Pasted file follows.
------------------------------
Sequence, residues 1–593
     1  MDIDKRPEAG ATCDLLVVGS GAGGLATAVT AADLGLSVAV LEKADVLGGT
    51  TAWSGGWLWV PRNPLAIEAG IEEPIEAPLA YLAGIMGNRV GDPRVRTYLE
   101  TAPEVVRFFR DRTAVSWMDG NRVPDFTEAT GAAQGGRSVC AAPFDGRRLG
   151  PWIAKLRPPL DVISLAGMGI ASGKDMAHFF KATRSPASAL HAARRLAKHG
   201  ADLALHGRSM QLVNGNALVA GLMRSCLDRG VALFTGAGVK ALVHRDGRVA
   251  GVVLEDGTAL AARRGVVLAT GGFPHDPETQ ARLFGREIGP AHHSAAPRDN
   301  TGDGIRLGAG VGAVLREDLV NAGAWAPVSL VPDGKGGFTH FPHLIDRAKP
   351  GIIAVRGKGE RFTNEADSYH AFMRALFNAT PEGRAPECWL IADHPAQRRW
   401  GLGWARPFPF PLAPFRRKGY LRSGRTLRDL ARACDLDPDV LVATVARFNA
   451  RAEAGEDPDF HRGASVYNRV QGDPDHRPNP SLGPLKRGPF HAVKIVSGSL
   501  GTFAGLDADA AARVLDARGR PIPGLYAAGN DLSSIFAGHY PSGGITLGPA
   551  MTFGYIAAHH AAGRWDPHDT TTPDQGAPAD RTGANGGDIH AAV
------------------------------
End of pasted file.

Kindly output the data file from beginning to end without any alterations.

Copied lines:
Sequence, residues 1–593
     1  MDIDKRPEAG ATCDLLVVGS GAGGLATAVT AADLGLSVAV LEKADVLGGT
    51  TAWSGGWLWV PRNPLAIEAG IEEPIEAPLA YLAGIMGNRV GDPRVRTYLE
   101  TAPEVVRFFR DRTAVSWMDG NRVPDFTEAT GAAQGGRSVC AAPFDGRRLG
   151  PWIAKLRPPL DVISLAGMGI ASGKDMAHFF KATRSPASAL HAARRLAKHG
   201  ADLALHGRSM QLVNGNALVA GLMRSCLDRG VALFTGAGVK ALVHRDGRVA
   251  GVVLEDGTAL AARRGVVLAT GGFPHDPETQ ARLFGREIGP AHHSAAPRDN
   301  TGDGIRLGAG VGAVLREDLV NAGAWAPVSL VPDGKGGFTH FPHLIDRAKP
   351  GIIAVRGKGE RFTNEADSYH AFMRALFNAT PEGRAPECWL IADHPAQRRW
   401  GLGWARPFPF PLAPFRRKGY LRSGRTLRDL ARACDLDPDV LVATVARFNA
   451  RAEAGEDPDF HRGASVYNRV QGDPDHRPNP SLGPLKRGPF HAVKIVSGSL
   501  GTFAGLDADA AARVLDARGR PIPGLYAAGN DLSSIFAGHY PSGGITLGPA
   551  MTFGYIAAHH AAGRWDPHDT TTPDQGAPAD RTGANGGDIH AAV